Mayor Karen Weaver says phase 3 of her Fast Start pipe replacement program will target nearly 800 homes in the next two months. That’s on top of the more than 200 pipes replaced to date.

Pipes connecting Flint homes to city water mains are a prime source of the lead contamination in Flint’s tap water. The city has enough money to replace another 4,000 pipes next year.

But Weaver says Flint needs more help, especially from the federal government.

Today, we hear from the Republican candidate in the 1st Congressional District, one of the most competitive districts in the country. And, in the spirit of Halloween, we hear from the owner of Michigan's biggest haunted house.

Jack Bergman
Screen grab of "Your Choice - Lt. General Jack Bergman (Ret.) for Congress" / Jack Bergman

The most hotly contested congressional race in Michigan is widely viewed as happening in the First Congressional District. It covers the entire Upper Peninsula and a good-sized chunk of the northern Lower Peninsula.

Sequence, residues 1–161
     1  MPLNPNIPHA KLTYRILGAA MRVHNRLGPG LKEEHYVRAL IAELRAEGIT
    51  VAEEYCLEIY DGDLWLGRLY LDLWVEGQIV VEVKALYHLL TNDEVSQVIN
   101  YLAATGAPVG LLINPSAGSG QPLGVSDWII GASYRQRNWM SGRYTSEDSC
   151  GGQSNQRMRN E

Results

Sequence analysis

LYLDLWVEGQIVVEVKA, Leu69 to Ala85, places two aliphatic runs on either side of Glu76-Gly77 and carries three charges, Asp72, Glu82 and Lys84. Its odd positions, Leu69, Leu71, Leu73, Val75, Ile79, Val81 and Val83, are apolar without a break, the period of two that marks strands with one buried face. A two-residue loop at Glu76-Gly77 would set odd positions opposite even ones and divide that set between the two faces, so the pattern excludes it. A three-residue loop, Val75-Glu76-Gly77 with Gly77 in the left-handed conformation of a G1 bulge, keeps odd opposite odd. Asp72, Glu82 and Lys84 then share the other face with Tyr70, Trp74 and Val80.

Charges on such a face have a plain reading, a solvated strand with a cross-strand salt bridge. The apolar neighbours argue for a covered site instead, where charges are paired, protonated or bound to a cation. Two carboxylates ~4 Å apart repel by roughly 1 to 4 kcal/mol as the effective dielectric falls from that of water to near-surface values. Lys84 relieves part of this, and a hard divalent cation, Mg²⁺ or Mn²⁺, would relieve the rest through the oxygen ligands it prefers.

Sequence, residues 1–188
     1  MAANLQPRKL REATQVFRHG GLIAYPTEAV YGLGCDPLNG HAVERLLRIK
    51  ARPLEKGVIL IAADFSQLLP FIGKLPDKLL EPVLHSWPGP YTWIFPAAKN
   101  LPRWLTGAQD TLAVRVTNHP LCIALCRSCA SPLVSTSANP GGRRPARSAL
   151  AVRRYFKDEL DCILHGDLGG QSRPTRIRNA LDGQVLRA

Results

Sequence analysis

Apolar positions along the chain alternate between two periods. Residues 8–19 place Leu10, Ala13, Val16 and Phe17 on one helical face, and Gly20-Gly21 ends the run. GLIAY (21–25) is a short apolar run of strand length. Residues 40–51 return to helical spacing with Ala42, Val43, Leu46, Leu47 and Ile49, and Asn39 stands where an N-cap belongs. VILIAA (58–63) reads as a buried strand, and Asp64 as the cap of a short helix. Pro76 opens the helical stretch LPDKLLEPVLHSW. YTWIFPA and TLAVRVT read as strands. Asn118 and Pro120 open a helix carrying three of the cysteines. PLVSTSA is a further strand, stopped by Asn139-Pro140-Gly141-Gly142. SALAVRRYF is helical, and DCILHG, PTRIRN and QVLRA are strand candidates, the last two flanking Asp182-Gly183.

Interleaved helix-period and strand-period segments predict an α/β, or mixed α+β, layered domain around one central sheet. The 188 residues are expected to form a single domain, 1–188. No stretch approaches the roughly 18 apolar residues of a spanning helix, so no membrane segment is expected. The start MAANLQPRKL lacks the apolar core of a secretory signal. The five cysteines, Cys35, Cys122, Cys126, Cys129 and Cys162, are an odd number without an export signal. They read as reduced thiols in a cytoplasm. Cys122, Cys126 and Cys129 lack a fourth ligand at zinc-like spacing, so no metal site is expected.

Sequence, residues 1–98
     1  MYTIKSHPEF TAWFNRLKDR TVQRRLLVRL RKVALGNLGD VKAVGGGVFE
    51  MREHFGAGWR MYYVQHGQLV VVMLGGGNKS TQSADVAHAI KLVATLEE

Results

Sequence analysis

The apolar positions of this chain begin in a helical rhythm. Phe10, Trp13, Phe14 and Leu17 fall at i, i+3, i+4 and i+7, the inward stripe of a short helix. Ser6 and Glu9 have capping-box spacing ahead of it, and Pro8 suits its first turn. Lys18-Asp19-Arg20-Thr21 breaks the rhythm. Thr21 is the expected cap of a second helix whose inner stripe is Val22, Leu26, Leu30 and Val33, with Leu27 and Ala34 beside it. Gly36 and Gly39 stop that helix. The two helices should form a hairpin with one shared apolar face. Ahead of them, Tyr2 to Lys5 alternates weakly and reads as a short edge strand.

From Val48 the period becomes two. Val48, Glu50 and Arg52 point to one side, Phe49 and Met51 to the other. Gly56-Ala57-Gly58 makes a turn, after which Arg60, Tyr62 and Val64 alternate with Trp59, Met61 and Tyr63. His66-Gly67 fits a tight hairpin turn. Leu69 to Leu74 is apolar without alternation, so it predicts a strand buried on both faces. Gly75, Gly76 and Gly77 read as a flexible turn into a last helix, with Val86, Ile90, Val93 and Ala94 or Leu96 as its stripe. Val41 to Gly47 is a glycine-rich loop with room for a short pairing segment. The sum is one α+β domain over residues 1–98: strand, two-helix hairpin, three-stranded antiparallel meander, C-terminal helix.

Earlier this month on Stateside, Zoe Clark spoke with the Democratic contender, Lon Johnson. Today, we spoke with Republican candidate, retired Marine Lt. General Jack Bergman.

Trump supporter Laurie Sanger came to the Grand Rapids Trump event dressed as Hillary Clinton.
Cheyna Roth / MPRN

Donald Trump spent part of his Halloween in Michigan. The Republican presidential candidate held rallies in Grand Rapids and the battleground area of Macomb County.

While recent polls still show Democratic nominee Hillary Clinton with a lead in Michigan, support and enthusiasm were high at the rally. Laurie Sanger got into the Halloween spirit by coming to the rally in costume. She wore an orange “jumpsuit” with Clinton’s name on the back and handcuffs on her wrist.

“I expected more Hillarys here,” Sanger said. “I didn’t know I’d be the only one.”

The Michigan Republican Party has announced that it will not have one, large party on Election night in Michigan.

This is unusual as both parties traditionally hold election night events for folks running for office and for party activists and donors. The celebrations are usually held at big convention halls or hotels so folks can watch election results come in - think balloons, confetti, and victory speeches.